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Sunday, November 22, 2015

Kevin Anderson, Nature: Duality in Climate Science

by Kevin Anderson, Nature Geoscience, (2015)

Delivery of palatable 2 °C mitigation scenarios depends on speculative negative emissions or changing the past. Scientists must make their assumptions transparent and defensible, however politically uncomfortable the conclusions.

In July, Paris hosted “Our Common Future Under Climate Change,” a key conference organized as a prelude to the political negotiations scheduled for December 2015, also in Paris. In the conference summary that immediately followed, the scientific committee noted that limiting “warming to less than 2 °C” is “economically feasible” and “cost effective” (1).

The statement chimed with the press release that accompanied the Synthesis Report published by the Intergovernmental Panel on Climate Change (IPCC) last November, in which IPCC representatives suggested that “to keep a good chance of staying below 2 °C, and at manageable costs, our emissions should drop by 40–70% globally between 2010 and 2050, falling to zero or below by 2100,” and that mitigation costs would be so low that “global economic growth would not be strongly affected” (2).

If these up-beat — and largely uncontested— headlines are to be believed, reducing emissions in line with a reasonable- to-good chance of meeting the 2 °C target requires an accelerated evolution away from fossil fuels; it does not, however, necessitate a revolutionary transition in how we use and produce energy. Such conclusions are forthcoming from many Integrated Assessment Models, which are key tools for informing policy makers of alternative climate change futures. In these models, prices, markets and human behaviour are brought together with the physics of climate change to generate “policy-relevant” and cost-optimized emission scenarios that typically offer highly optimistic views of the future. However, these positive outcomes are delivered through unrealistically early peaks in global emissions (3), or through the large-scale rollout of speculative technologies intended to remove CO2 from the atmosphere (3,4), yielding so-called negative emissions.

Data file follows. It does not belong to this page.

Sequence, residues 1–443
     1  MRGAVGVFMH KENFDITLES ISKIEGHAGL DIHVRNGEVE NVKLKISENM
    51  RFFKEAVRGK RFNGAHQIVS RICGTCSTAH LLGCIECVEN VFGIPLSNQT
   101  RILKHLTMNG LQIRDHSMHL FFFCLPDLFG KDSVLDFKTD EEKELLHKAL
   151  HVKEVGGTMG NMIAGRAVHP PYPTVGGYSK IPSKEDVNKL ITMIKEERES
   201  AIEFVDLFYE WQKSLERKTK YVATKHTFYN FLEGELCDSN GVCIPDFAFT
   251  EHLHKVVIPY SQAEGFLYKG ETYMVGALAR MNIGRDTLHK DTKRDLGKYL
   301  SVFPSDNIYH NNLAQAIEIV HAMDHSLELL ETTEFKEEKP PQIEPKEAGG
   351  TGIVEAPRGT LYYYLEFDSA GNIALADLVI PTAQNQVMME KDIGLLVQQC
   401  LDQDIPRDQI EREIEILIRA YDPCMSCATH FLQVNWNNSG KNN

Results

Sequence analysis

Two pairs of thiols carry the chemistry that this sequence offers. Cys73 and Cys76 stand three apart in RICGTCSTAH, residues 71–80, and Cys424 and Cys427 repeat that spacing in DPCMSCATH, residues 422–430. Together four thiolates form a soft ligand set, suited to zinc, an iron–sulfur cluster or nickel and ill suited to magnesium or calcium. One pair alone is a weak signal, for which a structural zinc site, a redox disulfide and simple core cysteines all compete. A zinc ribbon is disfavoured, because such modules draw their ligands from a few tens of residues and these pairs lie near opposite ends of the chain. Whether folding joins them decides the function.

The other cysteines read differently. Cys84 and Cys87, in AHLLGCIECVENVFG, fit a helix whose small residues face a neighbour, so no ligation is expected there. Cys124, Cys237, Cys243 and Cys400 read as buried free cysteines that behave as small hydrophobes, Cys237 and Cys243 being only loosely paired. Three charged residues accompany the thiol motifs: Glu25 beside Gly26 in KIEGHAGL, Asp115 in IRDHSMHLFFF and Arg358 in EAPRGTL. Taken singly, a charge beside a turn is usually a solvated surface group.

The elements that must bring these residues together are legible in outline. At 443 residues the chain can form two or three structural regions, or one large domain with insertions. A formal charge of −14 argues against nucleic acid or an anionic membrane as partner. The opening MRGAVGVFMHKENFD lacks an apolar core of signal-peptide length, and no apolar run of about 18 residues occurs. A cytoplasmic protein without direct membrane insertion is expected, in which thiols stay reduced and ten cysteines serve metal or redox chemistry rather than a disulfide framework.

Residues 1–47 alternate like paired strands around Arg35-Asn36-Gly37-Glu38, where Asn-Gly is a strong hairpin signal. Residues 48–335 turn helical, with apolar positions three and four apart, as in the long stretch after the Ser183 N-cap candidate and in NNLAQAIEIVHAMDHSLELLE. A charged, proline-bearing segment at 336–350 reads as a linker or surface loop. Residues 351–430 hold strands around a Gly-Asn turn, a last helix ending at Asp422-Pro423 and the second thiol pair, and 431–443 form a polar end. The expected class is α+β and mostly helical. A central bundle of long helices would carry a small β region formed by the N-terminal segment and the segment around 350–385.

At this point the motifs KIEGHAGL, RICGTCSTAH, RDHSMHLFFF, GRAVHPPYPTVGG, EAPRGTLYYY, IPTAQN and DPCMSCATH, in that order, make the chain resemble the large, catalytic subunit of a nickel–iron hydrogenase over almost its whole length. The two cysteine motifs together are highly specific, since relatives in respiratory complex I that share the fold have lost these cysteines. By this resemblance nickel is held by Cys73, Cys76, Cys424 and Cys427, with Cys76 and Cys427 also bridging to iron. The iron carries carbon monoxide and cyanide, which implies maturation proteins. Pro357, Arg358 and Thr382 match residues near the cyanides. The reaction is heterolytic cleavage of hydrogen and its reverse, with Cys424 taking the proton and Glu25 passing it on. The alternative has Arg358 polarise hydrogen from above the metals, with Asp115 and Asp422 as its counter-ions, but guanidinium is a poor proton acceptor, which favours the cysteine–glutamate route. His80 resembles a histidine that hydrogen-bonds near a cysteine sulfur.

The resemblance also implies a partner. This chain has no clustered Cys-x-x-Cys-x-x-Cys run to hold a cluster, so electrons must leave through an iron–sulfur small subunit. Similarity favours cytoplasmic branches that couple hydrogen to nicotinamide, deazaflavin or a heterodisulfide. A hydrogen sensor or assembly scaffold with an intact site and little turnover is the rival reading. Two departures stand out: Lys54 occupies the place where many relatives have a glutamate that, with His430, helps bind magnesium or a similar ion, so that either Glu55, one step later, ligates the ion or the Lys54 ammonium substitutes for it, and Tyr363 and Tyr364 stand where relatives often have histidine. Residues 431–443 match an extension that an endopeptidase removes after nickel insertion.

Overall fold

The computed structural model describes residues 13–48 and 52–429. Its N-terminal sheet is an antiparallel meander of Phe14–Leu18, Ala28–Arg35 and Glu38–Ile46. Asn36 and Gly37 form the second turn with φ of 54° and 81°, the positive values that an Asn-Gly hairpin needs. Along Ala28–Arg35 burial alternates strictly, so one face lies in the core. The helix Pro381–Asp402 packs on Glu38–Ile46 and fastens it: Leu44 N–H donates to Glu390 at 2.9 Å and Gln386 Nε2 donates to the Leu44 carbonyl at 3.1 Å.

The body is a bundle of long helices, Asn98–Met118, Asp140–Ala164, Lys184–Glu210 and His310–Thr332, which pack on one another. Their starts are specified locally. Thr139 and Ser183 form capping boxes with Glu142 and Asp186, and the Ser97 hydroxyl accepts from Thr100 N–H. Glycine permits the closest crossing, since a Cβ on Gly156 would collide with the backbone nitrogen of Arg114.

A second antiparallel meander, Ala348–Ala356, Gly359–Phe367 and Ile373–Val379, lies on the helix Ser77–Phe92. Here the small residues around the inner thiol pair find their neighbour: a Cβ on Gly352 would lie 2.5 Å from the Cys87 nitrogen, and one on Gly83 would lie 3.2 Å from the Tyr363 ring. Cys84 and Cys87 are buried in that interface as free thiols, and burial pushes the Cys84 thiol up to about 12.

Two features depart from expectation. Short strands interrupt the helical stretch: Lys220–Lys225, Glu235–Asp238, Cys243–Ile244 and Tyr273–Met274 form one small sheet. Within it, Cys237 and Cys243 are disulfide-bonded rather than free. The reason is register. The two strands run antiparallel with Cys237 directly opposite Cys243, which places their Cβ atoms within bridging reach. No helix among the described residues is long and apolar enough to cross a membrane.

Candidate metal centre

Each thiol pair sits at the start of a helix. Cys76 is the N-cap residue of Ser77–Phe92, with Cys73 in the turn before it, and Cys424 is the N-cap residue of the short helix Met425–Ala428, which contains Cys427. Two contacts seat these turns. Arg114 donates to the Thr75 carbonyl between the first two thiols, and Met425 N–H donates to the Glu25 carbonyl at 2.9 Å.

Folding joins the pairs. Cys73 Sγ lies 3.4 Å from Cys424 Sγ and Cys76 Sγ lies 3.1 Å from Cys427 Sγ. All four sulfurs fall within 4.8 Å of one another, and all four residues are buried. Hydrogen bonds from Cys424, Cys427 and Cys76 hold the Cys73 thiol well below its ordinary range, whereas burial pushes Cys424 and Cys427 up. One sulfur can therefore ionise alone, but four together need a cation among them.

In stark contrast, I conclude that the carbon budgets associated with a 2 °C threshold demand profound and immediate changes to the consumption and production of energy. According to the IPCC’s Synthesis Report, no more than 1,000 billion tonnes (1,000 Gt) of CO2 can be emitted between 2011 and 2100 for a 66% chance (or better) of remaining below 2 °C of warming (over preindustrial times) (5).

Without resorting to “changing the past,” or making the leap of faith that substantial amounts of CO2 can be removed from the atmosphere in the coming decades, the IPCC’s 1,000-Gt budget requires an end to all carbon emissions from the energy system by 2050 — five decades earlier than the IPCC headline suggests.

Geo-engineering as systemic bias

In most Integrated Assessment Models, 2 °C carbon budgets are effectively increased through the adoption of negative-emission technologies. These technologies are currently at little more than a conceptual stage of development, yet are ubiquitous within 2 °C scenarios. Nowhere is this more evident than in the IPCC’s scenario database (6).

Of the 400 scenarios that have a 50% or better chance of no more than 2 °C warming (with three scenarios removed due to incomplete data), 344 assume the successful and large-scale uptake of negative-emission technologies. Even more worryingly, in all 56 scenarios without negative emissions, global emissions peak around 2010, which is contrary to available emissions data (7).